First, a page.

if x^6 – 1 really “always occurs” in 103-equivalent

classes, then i’ve exaggerated far more than i knew.

i’m willing to bet that when i check a few of the texts

in the department library that it won’t even *usually*

occur (even as an exercise). i kind of hope i’m wrong.

jonathan’s last paragraph seems to support me

in mistrusting the texts … it sure doesn’t surprise me

that such an experienced teacher has the habit of

correcting such oversights. much of what i seem

constantly to be complaining of is that this kind of thing

is no *mere* oversight; i believe it’s more-or-less

*designed in* by a process of downdumbing that

repels but fascinates me …

as to “just add and subtract x^2” …

well, sure, i suppose … but isn’t there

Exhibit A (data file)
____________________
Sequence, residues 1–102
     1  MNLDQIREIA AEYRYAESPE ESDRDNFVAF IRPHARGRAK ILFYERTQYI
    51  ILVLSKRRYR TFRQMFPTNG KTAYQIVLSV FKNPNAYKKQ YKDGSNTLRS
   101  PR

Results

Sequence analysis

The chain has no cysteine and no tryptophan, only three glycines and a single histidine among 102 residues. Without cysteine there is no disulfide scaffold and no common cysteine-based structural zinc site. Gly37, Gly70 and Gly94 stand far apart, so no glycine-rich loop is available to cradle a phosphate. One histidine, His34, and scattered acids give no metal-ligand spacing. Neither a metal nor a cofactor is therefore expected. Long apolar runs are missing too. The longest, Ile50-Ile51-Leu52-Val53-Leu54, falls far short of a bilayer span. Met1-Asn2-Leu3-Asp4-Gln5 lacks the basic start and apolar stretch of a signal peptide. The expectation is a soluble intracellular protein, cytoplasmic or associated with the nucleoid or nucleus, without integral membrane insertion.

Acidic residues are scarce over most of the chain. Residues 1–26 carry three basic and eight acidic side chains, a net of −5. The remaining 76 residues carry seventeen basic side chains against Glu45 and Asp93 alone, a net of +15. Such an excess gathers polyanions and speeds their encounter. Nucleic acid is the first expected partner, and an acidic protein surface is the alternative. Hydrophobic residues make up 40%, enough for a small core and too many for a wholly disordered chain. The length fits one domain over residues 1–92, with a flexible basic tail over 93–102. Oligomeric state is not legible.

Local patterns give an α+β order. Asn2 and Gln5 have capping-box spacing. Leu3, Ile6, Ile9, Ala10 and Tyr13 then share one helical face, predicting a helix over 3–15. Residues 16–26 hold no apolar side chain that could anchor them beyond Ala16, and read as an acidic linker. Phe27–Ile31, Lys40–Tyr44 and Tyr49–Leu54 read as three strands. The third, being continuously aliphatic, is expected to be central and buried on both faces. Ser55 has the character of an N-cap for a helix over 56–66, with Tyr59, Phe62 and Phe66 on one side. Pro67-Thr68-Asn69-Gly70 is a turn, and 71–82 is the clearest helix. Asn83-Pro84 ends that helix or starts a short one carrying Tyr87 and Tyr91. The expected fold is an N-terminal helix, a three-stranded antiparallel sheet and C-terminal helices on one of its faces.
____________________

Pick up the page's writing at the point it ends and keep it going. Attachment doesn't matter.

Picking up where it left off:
a sort of “what would eisenstein do?”

aspect to that? … perfectly obvious

*if* you’ve been fiddling around with

polynomials in an *obsessive* way …

(this is called “getting good” and

comes highly recommended.)

i essentially mentioned this trick

as a technique for *checking* the result;

i’m suggesting in the previous paragraph

that it would be an unusually insightful

student that came up with the “add zero” trick

in the context of “factor x^4 + x^2 + 1”.

December 21, 2010 at 4:17 pm

sue v.’s f is for factoring.

http://rationalexpressions.blogspot.com/2010/12/factoring-resources.html

July 27, 2011 at 2:59 pm

a^4 + 4b^4: sophie germain’s identity.